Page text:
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Journals - Wrongly Convicted 
Wrongly Convicted  videoconference 
Wrongly Convicted  videoconference 

CITVC students, along with several other interested PV students, attended a very intriguing videoconference hosted by The Vanderbilt Virtual School about the failure of the criminal justice system. We met and spoke with Ndume Olatushani and Ann-Marie Moyes in a dialogue titled Wrongly Convicted: A Story of Hope From Death Row.

"Ndume Olatushani is a self-taught artist who discovered his passion for painting while on death row. Wrongly convicted of murder in Memphis in 1985, Ndume spent 20 years on death row, and another 8 years in prison.  His conviction was overturned in 2011 in the face of overwhelming proof that the prosecutors in his case had buried a mountain of evidence demonstrating Ndume’s innocence. On June 1, 2012, he walked out of the Memphis jail a free man.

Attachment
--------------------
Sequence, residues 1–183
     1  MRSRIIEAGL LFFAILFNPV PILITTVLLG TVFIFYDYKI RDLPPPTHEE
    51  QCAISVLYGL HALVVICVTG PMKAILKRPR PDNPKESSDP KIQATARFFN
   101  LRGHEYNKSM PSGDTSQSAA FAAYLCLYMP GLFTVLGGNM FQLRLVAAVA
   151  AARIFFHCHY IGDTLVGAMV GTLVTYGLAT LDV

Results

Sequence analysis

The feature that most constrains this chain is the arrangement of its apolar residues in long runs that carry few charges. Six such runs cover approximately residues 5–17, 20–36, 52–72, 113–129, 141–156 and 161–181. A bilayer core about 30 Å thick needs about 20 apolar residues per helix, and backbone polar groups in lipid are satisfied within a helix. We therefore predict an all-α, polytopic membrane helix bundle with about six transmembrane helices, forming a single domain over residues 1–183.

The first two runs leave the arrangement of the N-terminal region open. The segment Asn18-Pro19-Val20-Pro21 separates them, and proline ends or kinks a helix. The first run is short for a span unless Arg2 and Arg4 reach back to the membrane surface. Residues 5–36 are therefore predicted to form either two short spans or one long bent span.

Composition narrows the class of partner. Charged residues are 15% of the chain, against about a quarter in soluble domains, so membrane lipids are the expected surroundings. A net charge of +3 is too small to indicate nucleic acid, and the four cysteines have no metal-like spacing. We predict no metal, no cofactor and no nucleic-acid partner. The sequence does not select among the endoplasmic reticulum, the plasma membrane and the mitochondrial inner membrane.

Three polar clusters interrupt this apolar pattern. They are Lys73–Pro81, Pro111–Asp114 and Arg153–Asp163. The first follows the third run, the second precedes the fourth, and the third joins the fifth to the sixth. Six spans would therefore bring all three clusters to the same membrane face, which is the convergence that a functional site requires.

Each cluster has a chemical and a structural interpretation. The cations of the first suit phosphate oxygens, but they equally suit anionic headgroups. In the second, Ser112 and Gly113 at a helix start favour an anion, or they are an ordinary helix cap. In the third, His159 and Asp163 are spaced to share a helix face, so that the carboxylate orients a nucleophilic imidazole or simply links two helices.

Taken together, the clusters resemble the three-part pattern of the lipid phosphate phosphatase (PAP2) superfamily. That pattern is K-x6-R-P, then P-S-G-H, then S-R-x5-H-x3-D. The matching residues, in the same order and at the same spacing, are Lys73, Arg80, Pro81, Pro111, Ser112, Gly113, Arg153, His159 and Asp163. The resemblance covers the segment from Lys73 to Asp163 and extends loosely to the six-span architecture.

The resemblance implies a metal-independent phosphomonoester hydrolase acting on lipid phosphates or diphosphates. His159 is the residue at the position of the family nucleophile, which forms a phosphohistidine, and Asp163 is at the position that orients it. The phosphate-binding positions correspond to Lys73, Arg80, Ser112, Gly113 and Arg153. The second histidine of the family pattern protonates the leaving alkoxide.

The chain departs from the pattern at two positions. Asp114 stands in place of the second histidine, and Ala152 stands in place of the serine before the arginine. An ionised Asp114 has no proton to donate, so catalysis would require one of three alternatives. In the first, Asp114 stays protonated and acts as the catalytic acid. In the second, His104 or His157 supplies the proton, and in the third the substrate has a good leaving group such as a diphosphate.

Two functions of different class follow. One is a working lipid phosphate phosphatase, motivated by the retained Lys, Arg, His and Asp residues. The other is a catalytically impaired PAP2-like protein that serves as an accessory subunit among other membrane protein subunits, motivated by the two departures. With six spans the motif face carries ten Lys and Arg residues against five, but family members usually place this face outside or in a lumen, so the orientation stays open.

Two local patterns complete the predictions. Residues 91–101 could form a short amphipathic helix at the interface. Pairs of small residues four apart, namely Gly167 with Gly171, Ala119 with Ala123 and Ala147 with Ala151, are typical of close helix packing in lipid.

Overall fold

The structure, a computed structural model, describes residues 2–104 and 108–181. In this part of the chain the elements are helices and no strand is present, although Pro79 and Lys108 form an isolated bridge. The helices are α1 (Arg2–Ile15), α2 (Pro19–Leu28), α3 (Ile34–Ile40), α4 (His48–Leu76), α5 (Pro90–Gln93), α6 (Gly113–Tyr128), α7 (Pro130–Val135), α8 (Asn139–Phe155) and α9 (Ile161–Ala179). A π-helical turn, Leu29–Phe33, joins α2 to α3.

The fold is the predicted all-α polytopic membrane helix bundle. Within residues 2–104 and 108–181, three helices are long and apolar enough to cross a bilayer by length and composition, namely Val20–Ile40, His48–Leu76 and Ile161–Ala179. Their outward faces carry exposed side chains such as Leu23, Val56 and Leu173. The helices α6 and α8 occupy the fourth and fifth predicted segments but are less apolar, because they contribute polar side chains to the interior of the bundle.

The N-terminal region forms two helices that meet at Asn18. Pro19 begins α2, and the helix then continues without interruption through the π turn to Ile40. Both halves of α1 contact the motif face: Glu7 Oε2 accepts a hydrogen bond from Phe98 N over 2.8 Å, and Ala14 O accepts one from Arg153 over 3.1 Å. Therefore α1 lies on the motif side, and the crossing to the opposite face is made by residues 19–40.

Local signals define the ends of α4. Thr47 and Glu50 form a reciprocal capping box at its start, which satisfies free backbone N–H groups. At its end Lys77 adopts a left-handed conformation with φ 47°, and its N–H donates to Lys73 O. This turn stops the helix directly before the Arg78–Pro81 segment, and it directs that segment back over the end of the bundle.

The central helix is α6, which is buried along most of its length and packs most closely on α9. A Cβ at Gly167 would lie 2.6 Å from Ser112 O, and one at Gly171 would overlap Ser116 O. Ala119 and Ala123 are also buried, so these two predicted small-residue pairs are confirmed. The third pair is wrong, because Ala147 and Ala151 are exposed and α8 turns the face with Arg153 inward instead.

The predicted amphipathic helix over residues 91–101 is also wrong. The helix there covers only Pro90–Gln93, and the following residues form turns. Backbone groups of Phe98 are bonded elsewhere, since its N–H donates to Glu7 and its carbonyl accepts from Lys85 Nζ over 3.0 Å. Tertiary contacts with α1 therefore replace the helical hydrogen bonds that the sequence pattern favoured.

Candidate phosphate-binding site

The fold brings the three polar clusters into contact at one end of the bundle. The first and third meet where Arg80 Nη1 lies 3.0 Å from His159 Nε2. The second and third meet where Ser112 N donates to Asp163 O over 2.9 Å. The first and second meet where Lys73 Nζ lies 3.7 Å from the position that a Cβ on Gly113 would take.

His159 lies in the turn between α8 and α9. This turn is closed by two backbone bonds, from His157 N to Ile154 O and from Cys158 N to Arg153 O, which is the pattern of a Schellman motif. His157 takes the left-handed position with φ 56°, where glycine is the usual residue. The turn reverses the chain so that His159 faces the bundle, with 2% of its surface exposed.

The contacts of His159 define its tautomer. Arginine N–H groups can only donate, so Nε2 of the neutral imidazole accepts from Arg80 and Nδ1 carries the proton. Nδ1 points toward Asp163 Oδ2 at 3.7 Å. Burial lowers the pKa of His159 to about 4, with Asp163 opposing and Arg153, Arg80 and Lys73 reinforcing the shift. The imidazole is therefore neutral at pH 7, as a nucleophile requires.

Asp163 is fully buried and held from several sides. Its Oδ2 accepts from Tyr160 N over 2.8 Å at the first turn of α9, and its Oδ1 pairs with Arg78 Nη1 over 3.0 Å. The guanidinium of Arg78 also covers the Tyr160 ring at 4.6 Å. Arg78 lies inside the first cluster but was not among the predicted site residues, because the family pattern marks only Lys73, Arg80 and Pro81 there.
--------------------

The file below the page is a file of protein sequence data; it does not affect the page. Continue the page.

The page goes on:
Alexa "Spending 27-years on Death Row for a crime you did not commit is an experience I cannot imagine. Ndume's story is one nobody should ever experience. I would love to learn more about criminal injustices and how our government and legal system is dealing with these tragic mistakes."  -Alexa  

While in solitary confinement on death row, Ndume picked up a pencil and began sketching portraits. His art is on exhibit in the halls of Vanderbilt University Black Cultural Center."

To read more about his story, see a video of Ndume and view his artwork, please click here.

Return to the CITVC Videoconference Master List

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